Labour Day 2017

Today is New Zealand’s Labour Day. It was a major event when it was first commemorated the eight-hour working day in the 1890s, but now to most people it is just a long weekend, for those who don’t have to work.

Perhaps ironically the MPs of the Labour Party are probably working overtime preparing for taking over the running of government.

The lives of Jacinda Ardern especially, her staff, and incoming ministers, will be transformed markedly to a job of long hours each day, double the eight hour day won’t be uncommon, and 6-7 day weeks. But they aren’t ordinary working people who the eight hour day was aimed at.

From NZ History:  Fighting for the eight-hour working day

Labour Day commemorates the struggle for an eight-hour working day. New Zealand workers were among the first in the world to claim this right when, in 1840, the carpenter Samuel Parnell won an eight-hour day in Wellington. Labour Day was first celebrated in New Zealand on 28 October 1890, when several thousand trade union members and supporters attended parades in the main centres. Government employees were given the day off to attend the parades and many businesses closed for at least part of the day.

The date, 28 October, marked the first anniversary of the establishment of the Maritime Council, an organisation of transport and mining unions. The fledgling union movement was decimated by defeat in a trans-Tasman Maritime Strike in late 1890 but, despite this, the first Labour Day was a huge success. In Wellington, the highlight was an appearance by the elderly Parnell, who died just a few weeks later.

From the mid-1890s the union movement began to recover slowly under the Liberal government. The Liberals’ industrial conciliation and arbitration system, introduced in 1894, earned New Zealand a reputation of being a ‘working man’s paradise’ and a ‘country without strikes’.

Early Labour Day parades drew huge crowds in places such as Palmerston North and Napier as well as in Auckland, Wellington, Christchurch and Dunedin. Unionists and supporters marched behind colourful banners and ornate floats, and the parades were followed by popular picnics and sports events.

The huge crowds this Labour day are likely to be flocking to the malls on the first sales since last week. We have transformed into a consumerist society.

These parades also had a political purpose. Although workers in some industries had long enjoyed an eight-hour day, it was not a legal entitlement. Other workers, including seamen, farm labourers, and hotel, restaurant and shop employees, still worked much longer hours. Many also endured unpleasant and sometimes dangerous working conditions. Unionists wanted the Liberals to pass legislation enforcing an eight-hour day for all workers, but the government was reluctant to antagonise the business community.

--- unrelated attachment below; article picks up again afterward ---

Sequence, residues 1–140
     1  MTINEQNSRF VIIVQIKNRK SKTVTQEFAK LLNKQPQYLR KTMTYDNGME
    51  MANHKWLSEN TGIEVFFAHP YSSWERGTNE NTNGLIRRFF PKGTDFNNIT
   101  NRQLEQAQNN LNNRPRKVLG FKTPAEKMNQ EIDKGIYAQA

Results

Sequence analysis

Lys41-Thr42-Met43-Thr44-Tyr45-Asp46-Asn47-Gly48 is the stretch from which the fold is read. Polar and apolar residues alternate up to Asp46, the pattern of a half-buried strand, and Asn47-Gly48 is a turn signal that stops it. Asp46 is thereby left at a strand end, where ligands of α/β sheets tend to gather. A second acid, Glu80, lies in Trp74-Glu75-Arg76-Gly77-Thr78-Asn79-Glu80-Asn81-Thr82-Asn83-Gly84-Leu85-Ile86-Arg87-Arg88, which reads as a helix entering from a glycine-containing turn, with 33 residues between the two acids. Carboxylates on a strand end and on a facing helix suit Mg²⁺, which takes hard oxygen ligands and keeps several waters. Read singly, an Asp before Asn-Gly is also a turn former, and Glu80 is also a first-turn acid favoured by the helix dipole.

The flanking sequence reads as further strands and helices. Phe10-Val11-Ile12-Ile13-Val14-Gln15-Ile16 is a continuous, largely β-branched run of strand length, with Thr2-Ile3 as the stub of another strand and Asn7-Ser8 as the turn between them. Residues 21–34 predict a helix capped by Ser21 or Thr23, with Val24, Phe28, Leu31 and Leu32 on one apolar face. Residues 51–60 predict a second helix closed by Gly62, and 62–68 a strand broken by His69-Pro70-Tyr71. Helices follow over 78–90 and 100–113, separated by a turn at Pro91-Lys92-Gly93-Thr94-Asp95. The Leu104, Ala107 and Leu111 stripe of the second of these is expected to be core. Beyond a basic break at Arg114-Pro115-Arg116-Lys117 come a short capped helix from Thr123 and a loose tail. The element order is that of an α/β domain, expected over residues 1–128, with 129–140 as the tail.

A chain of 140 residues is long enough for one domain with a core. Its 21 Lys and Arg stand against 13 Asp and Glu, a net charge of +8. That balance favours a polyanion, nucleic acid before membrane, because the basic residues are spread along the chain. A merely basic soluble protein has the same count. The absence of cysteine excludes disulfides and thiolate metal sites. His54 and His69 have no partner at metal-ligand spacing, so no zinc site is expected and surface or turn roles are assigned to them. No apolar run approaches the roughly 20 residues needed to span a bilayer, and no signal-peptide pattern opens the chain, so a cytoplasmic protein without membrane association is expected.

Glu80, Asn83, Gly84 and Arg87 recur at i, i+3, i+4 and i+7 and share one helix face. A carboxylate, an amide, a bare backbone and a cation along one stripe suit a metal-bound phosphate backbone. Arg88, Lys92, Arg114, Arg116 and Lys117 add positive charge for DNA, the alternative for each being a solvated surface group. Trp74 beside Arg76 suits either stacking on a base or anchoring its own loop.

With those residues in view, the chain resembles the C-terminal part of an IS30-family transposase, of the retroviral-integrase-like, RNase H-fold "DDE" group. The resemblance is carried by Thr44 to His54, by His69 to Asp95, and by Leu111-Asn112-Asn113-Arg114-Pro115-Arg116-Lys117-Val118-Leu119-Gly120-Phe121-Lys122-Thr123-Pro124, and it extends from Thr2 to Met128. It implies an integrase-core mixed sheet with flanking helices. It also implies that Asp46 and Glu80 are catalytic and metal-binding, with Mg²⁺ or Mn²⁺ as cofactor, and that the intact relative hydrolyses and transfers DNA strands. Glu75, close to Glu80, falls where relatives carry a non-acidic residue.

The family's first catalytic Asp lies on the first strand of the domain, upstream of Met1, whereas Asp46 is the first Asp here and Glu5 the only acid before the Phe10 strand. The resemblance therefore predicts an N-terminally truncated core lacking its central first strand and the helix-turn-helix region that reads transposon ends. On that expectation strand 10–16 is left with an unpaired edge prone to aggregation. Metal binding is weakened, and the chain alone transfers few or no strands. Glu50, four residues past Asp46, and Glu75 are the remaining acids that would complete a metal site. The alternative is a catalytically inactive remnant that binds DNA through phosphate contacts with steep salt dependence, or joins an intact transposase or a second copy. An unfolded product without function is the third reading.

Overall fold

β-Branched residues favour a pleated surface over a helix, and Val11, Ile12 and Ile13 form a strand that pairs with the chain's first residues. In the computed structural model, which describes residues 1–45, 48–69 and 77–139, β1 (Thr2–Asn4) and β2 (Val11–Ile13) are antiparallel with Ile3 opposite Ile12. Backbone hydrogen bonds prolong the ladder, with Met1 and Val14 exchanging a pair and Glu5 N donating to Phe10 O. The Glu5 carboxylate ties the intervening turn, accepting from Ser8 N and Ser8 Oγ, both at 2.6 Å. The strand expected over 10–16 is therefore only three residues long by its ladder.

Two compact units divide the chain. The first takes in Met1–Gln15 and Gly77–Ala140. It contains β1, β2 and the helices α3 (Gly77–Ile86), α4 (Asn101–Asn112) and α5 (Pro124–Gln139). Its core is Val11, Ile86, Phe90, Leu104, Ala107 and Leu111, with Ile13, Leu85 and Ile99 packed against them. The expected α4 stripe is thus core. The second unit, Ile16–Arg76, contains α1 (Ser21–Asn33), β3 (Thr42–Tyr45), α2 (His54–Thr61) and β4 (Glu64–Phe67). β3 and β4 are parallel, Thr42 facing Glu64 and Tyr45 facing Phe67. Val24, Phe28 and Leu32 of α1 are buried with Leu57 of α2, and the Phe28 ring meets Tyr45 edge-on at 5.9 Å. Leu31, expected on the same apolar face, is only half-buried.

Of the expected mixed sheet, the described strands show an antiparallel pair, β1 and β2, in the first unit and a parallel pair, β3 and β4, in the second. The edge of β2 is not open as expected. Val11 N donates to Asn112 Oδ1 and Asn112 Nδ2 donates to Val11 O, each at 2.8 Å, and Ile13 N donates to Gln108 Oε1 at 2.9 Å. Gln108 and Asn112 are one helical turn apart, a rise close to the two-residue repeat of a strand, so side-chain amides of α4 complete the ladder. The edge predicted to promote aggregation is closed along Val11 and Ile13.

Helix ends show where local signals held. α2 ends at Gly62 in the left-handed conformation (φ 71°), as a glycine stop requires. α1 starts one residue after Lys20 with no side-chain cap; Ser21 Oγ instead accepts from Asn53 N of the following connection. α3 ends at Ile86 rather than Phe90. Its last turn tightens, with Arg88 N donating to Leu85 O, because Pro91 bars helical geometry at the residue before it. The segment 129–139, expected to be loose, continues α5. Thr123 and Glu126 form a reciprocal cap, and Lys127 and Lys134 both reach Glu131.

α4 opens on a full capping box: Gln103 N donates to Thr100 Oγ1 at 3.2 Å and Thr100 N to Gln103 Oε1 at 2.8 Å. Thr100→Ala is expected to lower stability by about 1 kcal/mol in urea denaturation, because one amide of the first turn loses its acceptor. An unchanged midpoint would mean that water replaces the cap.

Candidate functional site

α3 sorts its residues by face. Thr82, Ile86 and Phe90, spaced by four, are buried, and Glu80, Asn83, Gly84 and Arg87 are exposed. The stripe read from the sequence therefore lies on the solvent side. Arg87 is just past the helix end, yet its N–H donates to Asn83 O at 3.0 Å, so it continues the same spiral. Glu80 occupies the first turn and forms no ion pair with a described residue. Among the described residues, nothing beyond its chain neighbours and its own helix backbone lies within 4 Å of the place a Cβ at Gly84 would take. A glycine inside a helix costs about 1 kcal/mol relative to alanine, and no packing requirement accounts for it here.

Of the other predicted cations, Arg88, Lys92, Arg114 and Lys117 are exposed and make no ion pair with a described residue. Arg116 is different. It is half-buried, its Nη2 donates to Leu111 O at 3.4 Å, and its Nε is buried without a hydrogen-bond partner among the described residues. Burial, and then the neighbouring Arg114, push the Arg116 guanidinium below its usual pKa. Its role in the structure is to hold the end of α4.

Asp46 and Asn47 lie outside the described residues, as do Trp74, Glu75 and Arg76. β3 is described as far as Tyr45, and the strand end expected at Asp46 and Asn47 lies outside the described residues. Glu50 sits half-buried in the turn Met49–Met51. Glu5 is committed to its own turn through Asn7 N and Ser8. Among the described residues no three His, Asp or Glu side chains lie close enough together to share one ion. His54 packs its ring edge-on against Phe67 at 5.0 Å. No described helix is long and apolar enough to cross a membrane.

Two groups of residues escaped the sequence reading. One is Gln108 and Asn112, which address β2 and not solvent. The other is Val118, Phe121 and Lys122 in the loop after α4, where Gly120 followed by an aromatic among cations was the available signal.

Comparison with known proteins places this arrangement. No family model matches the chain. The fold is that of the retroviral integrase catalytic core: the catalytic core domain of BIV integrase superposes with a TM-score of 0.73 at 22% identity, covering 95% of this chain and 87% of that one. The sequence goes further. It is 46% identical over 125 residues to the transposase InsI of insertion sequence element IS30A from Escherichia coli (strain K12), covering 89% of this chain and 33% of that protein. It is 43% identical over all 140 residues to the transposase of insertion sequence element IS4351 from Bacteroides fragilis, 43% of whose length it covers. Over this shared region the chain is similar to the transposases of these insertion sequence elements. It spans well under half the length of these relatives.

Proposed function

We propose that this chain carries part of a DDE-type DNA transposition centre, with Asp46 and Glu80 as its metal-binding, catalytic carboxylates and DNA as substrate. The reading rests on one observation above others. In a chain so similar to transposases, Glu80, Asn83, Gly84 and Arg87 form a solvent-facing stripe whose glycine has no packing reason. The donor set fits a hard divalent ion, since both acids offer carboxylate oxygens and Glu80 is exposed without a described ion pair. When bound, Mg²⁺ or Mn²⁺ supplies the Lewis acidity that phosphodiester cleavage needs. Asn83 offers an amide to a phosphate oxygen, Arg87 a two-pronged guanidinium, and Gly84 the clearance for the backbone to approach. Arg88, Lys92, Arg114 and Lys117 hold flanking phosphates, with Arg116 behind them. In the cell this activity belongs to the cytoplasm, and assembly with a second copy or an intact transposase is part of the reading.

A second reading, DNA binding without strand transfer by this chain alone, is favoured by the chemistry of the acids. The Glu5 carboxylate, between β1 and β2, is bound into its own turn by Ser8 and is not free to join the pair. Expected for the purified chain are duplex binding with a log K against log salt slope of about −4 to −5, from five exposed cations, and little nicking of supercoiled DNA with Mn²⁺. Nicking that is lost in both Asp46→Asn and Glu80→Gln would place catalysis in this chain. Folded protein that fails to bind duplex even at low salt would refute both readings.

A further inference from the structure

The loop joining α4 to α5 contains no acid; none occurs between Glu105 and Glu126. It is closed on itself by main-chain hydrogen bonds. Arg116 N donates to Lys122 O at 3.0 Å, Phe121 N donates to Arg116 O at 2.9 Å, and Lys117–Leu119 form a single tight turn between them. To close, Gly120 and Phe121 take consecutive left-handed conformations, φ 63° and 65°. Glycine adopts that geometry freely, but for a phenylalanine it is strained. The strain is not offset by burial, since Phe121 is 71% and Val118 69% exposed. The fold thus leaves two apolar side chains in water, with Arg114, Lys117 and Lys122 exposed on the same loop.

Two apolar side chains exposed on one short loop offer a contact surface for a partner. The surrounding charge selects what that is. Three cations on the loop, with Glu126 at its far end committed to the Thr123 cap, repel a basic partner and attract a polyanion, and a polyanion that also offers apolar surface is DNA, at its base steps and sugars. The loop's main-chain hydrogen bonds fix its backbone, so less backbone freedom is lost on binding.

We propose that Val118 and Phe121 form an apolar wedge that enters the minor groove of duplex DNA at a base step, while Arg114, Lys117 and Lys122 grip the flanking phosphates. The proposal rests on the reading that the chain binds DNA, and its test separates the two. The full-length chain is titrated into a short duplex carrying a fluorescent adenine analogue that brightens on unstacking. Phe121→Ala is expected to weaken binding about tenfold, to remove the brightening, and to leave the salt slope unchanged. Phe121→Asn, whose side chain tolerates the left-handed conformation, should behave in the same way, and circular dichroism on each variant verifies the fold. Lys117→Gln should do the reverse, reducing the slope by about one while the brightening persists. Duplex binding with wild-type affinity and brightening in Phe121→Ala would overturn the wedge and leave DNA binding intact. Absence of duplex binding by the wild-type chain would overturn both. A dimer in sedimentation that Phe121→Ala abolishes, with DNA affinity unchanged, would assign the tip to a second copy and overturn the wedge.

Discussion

What the Liberals did do was make Labour Day a holiday. The Labour Day Act of 1899 created a statutory public holiday on the second Wednesday in October, first celebrated in 1900. The holiday was ‘Mondayised’ in 1910, and since then it has been held on the fourth Monday in October.

In the first decade of the 20th century industrial unrest reappeared. The Liberal government was in decline, prices were rising and the Arbitration Court was seen as reluctant to raise wages. The more militant labour movement that emerged from around 1908 rejected the Liberals’ arbitration system and condemned the increasing commercialisation of Labour Day parades. Many floats advertised businesses as well as temperance organisations, theatres, circuses and patriotic causes.

Some socialists promoted May Day (1 May) as an alternative celebration of workers’ struggles. Although unionists and their supporters continued to hold popular gatherings and sports events, by the 1920s Labour Day had begun to decline as a public spectacle. For most New Zealanders, it was now just another holiday.

I grew up having no idea what Labour Day was about, apart from a long weekend off school, and later off work. I expect there are many who little or nothing about it’s history.

 

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4 Comments

    • Trevors_elbow

       /  October 23, 2017

      What a bs ad…. truly bs..

      NZ has workers rights. Wages are there if you’re prepare to work and upskill.. .

      Opportunity abounds…. our cartoonists need a working holiday on local wages in small town SE Asia to appreciate had good it is in NZ….

      Reply
      • patupaiarehe

         /  October 23, 2017

        My father, who was also a steel fabricator until he retired, recently went to Indonesia. A small engineering shop there, is a young guy working out of his carport, welding with no mask. His father, who is blind, is sitting at the gate begging. We don’t know how lucky we are, mate…

        Reply
        • True. I would think that Samuel Parnell would wonder what she was whinging about.

          I wonder if she is aware of child labour in many countries, or people making a living on rubbish dumps.

          Reply

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